A plan to spend $13.1 million on a cycleway in south Auckland's Manurewa has a councillor calling for the project to be scrapped.
By Stephen Forbes, Local Democracy Reporter
The 3.6km cycleway is expected to run along Mahia Rd between Roscommon Rd and Great South Rd.
Initial estimates suggest it would cost $12.3 million for the investigation, design, construction and contingency, with another $800,000 for “cycle parking and customer growth initiatives”.
Auckland Manurewa-Papakura ward councillor Daniel Newman described the proposal as a “delusional vanity project” that didn’t take into account the impact it would have on motorists who use the road everyday.
“Just as we have seen at Upper Harbour Drive, clogging up vital road corridors like Mahia Rd with expensive concrete barriers is an inconvenience to commuters and residents on the street,” he said.
“My bet is that when people see this they will be mortified. At what stage does AT start to consider what the affected residents think? This cycleway will be extremely inconvenient and will increase congestion.”
The project is part of a plan endorsed by Auckland Council in May to spend $306 million on 210km of cycleways throughout the city over the next decade.
The council’s 2020 Climate Action Plan called for a 64% cut in transport emissions by 2030. The Auckland Cycling and Micro mobility Programme Business Case set out the cycleway projects it saw as important for achieving that.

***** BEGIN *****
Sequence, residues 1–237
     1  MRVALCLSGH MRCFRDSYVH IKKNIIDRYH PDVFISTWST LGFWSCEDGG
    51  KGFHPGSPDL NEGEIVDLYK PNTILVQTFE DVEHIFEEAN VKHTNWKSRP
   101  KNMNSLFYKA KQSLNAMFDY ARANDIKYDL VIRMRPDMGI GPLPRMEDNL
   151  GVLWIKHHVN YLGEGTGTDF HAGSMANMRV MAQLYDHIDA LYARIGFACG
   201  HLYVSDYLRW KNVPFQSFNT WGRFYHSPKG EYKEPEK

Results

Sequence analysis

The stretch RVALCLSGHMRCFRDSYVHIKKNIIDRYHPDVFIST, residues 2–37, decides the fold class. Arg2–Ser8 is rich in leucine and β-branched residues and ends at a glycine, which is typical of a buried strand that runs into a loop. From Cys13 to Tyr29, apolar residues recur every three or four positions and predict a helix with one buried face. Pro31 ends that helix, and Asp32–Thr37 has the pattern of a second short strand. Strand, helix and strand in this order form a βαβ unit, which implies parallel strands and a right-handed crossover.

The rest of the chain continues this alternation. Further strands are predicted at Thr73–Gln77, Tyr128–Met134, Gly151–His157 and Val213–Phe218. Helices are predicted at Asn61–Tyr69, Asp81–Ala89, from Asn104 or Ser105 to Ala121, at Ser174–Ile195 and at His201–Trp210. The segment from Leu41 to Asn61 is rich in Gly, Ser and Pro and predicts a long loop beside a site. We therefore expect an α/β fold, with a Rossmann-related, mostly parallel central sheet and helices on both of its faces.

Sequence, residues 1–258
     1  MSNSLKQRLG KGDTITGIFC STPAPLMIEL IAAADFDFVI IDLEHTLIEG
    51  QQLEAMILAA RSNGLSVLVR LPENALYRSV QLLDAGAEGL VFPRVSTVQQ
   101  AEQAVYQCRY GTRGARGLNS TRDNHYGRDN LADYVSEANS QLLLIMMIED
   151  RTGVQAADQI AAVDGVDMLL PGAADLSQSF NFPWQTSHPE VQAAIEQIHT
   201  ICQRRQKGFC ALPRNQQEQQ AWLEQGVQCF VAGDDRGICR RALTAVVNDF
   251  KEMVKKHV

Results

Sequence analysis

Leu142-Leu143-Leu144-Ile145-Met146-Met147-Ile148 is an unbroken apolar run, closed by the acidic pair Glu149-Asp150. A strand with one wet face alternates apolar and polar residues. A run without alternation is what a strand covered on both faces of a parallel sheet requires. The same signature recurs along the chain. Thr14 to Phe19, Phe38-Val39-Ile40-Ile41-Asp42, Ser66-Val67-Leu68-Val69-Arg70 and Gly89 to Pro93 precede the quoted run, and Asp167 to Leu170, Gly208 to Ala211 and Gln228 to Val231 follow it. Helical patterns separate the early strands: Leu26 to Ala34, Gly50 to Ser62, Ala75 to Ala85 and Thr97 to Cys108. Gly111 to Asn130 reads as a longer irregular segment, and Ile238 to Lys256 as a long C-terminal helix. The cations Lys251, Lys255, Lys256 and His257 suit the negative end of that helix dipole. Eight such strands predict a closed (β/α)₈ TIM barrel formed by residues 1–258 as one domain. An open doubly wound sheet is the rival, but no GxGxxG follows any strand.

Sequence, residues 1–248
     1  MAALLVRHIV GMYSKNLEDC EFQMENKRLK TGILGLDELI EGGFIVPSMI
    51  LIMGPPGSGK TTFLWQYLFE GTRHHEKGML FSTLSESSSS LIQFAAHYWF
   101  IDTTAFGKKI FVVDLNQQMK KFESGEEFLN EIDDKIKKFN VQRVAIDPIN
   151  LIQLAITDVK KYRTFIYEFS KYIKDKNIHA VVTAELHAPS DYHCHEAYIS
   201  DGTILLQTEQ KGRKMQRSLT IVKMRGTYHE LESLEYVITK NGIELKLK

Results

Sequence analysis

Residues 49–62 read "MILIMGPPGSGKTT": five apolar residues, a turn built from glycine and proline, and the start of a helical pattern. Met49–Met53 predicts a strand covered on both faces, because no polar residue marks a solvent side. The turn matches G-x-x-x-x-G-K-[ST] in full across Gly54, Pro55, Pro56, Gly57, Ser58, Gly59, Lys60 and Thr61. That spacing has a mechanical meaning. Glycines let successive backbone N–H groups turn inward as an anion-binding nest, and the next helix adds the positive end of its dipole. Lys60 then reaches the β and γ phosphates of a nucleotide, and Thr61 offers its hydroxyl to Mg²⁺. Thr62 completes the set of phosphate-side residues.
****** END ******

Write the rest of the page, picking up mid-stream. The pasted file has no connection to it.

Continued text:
Mahia Rd resident Don Henderson said he was unsure what to make of the Manurewa cycleway proposal.
“From an off-street parking perspective I wouldn’t be overly happy about it. We already struggle for parking here as it is.”
Henderson said the cycleway would help improve safety for cyclists. However, he said it might take local residents a while to get used to checking for cyclists before pulling out of their driveways.
Auckland Manurewa-Papakura councillor Angela Dalton said AT would have to consult with the public before proceeding with the Mahia Rd cycleway.
She said more cycling options were needed in south Auckland, but they had to be safe and separated from other road users.
Dalton said cyclists only made up 1.2% of road users, but encouraging more people to get out of their cars was vital if Auckland was going to cut its emissions.
“If [cycleways] are safe people will use them,” she said.
In a statement an AT spokesperson said they didn’t have exact dates for when design and construction would start.
“We are currently working through prioritisation of routes that are to be accelerated through the Climate Action Targeted Rate (CATR) and are not yet in a position to confirm what this means for the timing of specific connections. This project will commence with an investigation phase, which will include engagement with the local community.
"This is an important link for this community to enable choice in how they travel for many purposes e.g. to work, to education (e.g. MIT) and for shopping."
Local Democracy Reporting is Public Interest Journalism funded through NZ On Air